It opens as Elsa (voiced by Idina Menzel) is settling into her routine as queen of Arendelle, her Nordic realm precariously perched on the edge of a fjord. She is satisfied that she has learnt to control the magical gift that has endowed her with the powers of a human ice-making machine and life is looking good. But something is bothering her. The neighbouring forest is enchanted which, in this case, is bad news for it’s been turned into a no-go zone by a blinding mist so thick that its indigenous residents, the Northuldra, can’t get out and everybody else is barred from getting in. It’s a stalemate and Elsa is beginning to believe that she can bring it to an end.
The film is directed by the same team who did the original and once again, they have arrived at a judicious mixture of old and new. The action is punctuated with enough songs to fill an MGM musical and although the animation is computer-generated in 3D, its style owes a lot to the glory days of the studio’s hand-drawn animation era and its traditional Disney princesses with their wide eyes and doll-like faces. The script, however, is scrupulously up-to-date with great attention paid to the films’ feminist credentials and cultural correctness. After the writers decided to tap into Nordic folklore, Scandinavia’s Sami communities were consulted and the background artists, we’re told, were equally scrupulous, composing a landscape without a plant out of place.
It turns out that the forest has gone into lockdown because of environmental damage sustained years earlier. Naturally, human beings were responsible and Elsa and her sister, Anna (Kristen Bell) suspect that the secret is buried in their own family’s history. But they can discover the truth only by risking a trip into the forest.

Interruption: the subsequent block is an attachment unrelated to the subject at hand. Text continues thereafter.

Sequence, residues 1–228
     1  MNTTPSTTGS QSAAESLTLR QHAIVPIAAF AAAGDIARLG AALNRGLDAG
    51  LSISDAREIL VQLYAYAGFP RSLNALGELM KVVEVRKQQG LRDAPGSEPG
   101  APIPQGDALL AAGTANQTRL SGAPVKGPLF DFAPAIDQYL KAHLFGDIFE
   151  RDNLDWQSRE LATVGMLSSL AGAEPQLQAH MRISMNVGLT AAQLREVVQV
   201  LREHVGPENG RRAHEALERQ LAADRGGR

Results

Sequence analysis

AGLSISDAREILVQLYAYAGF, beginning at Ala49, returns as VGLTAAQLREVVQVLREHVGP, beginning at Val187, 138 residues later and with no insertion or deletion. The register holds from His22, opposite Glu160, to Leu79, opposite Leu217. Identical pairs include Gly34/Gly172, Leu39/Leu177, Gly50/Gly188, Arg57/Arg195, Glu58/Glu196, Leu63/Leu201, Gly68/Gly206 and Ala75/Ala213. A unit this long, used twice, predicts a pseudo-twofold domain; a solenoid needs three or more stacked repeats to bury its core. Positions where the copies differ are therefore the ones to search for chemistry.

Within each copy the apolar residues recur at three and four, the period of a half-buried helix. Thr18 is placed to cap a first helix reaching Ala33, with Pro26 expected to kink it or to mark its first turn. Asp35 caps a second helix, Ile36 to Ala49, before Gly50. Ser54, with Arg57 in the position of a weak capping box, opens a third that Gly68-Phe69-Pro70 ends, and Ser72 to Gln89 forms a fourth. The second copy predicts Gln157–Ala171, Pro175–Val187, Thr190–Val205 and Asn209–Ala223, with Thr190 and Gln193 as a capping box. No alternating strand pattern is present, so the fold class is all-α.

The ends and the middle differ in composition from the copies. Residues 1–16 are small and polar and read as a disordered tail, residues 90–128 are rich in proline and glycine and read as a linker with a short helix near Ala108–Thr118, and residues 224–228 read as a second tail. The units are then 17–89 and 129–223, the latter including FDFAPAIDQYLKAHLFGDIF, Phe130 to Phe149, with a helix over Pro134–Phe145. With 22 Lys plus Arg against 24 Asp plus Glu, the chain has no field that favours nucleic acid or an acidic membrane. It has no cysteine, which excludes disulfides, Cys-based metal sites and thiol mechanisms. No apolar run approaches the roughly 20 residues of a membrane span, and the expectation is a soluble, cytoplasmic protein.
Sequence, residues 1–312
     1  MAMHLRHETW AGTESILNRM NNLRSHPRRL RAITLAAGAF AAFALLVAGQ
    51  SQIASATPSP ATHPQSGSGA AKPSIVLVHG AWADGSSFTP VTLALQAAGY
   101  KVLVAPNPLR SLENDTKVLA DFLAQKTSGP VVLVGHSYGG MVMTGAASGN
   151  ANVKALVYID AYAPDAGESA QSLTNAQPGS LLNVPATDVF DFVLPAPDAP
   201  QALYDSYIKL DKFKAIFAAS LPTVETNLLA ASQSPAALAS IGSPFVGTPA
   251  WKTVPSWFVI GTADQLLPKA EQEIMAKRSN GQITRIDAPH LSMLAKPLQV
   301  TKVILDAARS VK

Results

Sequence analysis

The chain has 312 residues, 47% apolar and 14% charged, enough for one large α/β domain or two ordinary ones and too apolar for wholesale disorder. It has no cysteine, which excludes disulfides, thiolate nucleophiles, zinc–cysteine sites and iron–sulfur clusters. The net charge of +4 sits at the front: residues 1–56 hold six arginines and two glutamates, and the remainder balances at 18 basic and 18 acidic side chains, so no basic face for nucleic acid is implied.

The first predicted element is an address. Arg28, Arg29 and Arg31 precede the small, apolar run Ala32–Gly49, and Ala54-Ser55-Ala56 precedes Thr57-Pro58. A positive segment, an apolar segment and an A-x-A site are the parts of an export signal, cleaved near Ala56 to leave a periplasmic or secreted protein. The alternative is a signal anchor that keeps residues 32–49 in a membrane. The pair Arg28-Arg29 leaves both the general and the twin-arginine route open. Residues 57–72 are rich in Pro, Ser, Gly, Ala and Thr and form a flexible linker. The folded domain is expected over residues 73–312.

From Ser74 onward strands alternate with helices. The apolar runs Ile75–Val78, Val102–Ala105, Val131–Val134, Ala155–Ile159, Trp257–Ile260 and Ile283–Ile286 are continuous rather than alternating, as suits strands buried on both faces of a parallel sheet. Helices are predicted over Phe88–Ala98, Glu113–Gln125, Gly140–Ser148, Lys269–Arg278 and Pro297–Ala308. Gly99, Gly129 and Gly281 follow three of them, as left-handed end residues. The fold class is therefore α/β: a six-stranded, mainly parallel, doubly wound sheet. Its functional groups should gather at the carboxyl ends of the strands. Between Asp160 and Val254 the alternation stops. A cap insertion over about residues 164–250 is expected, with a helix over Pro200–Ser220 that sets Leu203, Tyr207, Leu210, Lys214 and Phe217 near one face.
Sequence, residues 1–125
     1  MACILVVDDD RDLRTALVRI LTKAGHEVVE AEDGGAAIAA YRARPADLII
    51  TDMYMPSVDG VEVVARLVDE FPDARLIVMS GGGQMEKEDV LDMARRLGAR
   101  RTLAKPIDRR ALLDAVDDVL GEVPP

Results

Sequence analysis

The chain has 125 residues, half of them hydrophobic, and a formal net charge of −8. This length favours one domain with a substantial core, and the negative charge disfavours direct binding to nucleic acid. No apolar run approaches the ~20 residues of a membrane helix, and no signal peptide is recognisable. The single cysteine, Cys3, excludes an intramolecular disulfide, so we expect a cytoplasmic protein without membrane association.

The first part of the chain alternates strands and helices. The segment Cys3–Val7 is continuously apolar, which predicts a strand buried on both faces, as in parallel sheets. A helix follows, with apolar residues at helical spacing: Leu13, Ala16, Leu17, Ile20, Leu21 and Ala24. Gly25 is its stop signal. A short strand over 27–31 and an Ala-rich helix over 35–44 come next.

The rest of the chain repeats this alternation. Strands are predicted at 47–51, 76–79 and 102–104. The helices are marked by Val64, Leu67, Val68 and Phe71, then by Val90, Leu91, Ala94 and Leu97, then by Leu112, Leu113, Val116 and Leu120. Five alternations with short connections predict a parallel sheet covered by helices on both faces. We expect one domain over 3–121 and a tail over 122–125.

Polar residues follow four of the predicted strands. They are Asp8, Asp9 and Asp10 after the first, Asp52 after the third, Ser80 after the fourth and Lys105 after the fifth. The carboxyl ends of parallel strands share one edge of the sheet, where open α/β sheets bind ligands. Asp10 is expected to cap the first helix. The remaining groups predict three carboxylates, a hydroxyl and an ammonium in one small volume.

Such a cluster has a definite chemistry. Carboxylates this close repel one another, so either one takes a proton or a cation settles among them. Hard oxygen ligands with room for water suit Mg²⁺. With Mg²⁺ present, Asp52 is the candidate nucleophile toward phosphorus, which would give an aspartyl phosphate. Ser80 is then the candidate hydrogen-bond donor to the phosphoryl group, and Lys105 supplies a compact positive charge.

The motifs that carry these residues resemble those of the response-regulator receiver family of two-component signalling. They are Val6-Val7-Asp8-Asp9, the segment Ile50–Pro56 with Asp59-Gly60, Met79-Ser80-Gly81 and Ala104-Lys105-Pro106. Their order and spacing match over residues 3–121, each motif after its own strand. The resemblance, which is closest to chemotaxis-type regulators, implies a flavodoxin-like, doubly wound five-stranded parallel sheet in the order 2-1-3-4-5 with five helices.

The expedition takes a while to get underway. First, their intentions and fears have to be spelled out in song and their escorts – Olaf, the warm-hearted snowman (Josh Gad), Anna’s suitor Kristoff (Jonathan Goff) and his reindeer, Sven – have to be briefed.
And when they get there and set about putting things to rights, the script isn’t exactly adroit in dreaming up obstacles to impede their progress. Its contrivances are decidedly creaky, the aim being to separate the group of friends so that they become small islands of desperation, each convinced that the others have left them to fend for themselves. The exception is Elsa, who charges off on her own quest, fighting fire, flood and cyclone by shooting out mini-ice floes at every turn. It’s impressive enough to suggest that she should be called upon to help in quenching the Californian –or our own – bushfires.
Anna and Kristoff lose one another amid the mayhem but she, at least, has Olaf to provide comic relief, which becomes essential when they become trapped in a maze-like cavern deep in the forest’s forbidding basalt escarpment. The Arendelle scenes are a study in autumnal colours but once we reach the forest, the film’s palette takes a sudden turn to the dark and wintry.
The climax gives both sisters the chance to be heroes but the most spectacular bits belong to Elsa and her encounters with the Dark Sea, home of the Nokk – an equine water spirit–who doesn’t exactly welcome her into his domain. These sequences have a gleam and a rhythm to them that encapsulates Disney animation at its purest and most sinuous.
The film itself doesn’t hit that sweet spot that makes Pixar animations, for example, fun for adults as well as their children. Its pace is uneven and in the early scenes, the songs slow down the action so much that the younger kids at my screening were getting restless. But judging from those US box-office figures, there’s more than enough here to build on the goodwill generated by the original and create a besotted new audience.